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Kamran Scot Aghaie, Chair CAL 528 | 204 W 21st St F9400 | Austin, TX 78712-1029 • 512-471-3881

Summer 2003


Unique Days Time Location Instructor
86965 MTWThF
11:30 AM-1:00 PM
wag 201

Course Description

The Middle East and Europe have straddled the crossroads of trade and ideas, ever since the rise of the earliest river cultures (the Fertile Crescent and the Nile) in the Middle East and the arrival of Indo-Europeans in Europe. This course offers a comparative introduction to the evolving heroic cultures of Europe and the Middle East before Christianity and Islam. Through textual readings from the rich literary traditions of particular languages and cultures, Egyptian, Greek and Latin, Celtic and Norse, Sumerian and Babylonian, Hittite and Iranian, we will concentrate on tracing the socio-cultural and religious evolution of the area. Core heroic values will be traced in the context of shame culture vs. guilt culture, kin-loyalty, fame and song, taboo and the sacred, and oral continuity. We will be using the panorama of primary records and narrative protagonists (Beowulf and Norse saga heroes, CúChulainn and Medb, Achilles and Odysseus, Clytemnestra and Agamemnon, Gilgamesh and Enkidu, Inanna/Ishtar and Dumuzi, Isis and Osiris, Romulus and Cyrus the Great) as a comparative springboard for addressing wider issues of religious and social ideals and cultural change. The ethnohistorical, poetic, legal, and religious traditions that underlie and connect the various civilizations of the region will be explored in depth. Comparative connections with cultural neighbors (e.g. Sanskrit-speaking India) will be particularly emphasized, on the poetic, social, mythological, philosophical, and literary-linguistic levels. No mastery of particular languages is presumed or required. Literary, poetic and religious texts from the beginnings of writing and storytelling will serve as documentary starting-points, to illuminate the rise, eclipse, and cross-fertilization of civilizations. Considerations of culture, art, community and language will be set against broader questions of diversity, change, and cultural / linguistic divides. This is a course with a SUBSTANTIAL WRITING COMPONENT.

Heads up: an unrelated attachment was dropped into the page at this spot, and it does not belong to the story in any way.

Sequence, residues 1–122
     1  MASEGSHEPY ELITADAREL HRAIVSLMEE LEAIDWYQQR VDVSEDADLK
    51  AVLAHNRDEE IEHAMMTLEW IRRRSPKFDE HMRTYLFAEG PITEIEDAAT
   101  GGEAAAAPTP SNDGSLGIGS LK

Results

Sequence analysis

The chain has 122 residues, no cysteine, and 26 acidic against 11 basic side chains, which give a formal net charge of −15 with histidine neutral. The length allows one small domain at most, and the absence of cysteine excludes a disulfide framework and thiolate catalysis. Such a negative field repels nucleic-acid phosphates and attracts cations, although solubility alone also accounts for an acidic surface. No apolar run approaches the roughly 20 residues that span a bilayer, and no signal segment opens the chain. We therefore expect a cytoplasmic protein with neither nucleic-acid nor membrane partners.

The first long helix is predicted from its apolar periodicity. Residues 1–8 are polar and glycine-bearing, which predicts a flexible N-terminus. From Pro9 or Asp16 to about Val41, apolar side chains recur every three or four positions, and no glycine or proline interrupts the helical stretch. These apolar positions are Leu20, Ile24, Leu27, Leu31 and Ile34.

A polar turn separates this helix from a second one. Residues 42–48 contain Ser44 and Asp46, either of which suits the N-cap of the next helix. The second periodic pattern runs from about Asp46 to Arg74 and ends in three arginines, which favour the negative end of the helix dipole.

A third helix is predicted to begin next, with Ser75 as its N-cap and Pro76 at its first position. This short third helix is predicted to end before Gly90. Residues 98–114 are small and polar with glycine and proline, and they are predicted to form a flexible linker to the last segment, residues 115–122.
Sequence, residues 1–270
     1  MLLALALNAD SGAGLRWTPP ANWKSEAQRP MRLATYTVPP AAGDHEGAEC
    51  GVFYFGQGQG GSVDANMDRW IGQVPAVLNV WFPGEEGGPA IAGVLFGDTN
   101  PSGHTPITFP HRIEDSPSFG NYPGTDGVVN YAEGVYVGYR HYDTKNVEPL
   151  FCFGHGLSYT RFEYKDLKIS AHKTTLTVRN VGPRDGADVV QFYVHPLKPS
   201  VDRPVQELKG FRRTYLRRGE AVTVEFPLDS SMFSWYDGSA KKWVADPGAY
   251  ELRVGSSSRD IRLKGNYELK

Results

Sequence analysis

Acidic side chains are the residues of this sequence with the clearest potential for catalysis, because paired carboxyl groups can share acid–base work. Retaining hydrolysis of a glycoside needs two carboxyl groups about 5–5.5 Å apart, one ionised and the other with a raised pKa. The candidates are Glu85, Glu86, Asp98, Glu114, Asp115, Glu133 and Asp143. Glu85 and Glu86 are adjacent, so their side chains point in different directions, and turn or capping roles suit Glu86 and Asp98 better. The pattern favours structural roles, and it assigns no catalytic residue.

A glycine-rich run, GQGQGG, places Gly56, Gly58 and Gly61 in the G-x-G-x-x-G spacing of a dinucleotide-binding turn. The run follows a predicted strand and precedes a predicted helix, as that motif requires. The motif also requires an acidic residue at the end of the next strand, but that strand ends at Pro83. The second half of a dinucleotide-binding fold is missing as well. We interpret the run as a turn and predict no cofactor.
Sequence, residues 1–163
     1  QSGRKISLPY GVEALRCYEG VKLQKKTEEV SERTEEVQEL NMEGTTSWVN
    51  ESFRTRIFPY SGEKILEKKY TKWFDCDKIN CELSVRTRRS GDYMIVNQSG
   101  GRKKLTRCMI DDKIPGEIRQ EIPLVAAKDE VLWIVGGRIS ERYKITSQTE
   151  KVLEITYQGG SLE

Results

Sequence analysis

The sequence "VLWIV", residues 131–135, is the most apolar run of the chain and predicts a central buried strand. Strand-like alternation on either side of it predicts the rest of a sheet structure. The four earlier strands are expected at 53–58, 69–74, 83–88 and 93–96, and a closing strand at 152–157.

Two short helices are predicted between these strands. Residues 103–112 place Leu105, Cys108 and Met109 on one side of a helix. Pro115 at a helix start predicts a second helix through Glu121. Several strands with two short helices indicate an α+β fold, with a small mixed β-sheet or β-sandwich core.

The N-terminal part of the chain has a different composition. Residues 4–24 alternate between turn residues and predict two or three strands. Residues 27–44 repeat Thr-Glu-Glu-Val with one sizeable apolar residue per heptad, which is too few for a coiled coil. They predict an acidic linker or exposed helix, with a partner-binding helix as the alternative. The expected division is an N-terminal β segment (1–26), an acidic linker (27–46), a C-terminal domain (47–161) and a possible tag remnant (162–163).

Grading Policy

Grades for the course will be distributed as follows: Participation in class activities and discussions: 25 %; 2 x 4-page written analytic essays (on documents/readings of your choice): 25 %. 1 take-home quiz: 25 %; 1 x 6-page researched report (± optional brief oral presentation), and initiative: 25 %; 4 unexcused absences from class will mean that no grade will be given for the course.


1. TWO BOOKS: • Davies, Vivian, & Renee Friedman. 1998. Egypt Uncovered. Stewart, Tabori & Chang/British Museum. • Puhvel, Jaan. 1989. Comparative Mythology. Johns Hopkins UP. 2. REQUIRED COURSE-PACKET: AVAILABLE AT I.T. COPIES (M.L.K./19th St., 1 block east of Guadalupe); Hours: M-F 8-6, Sat. 10-2. Bring this syllabus when you go to I.T., as proof of participation.


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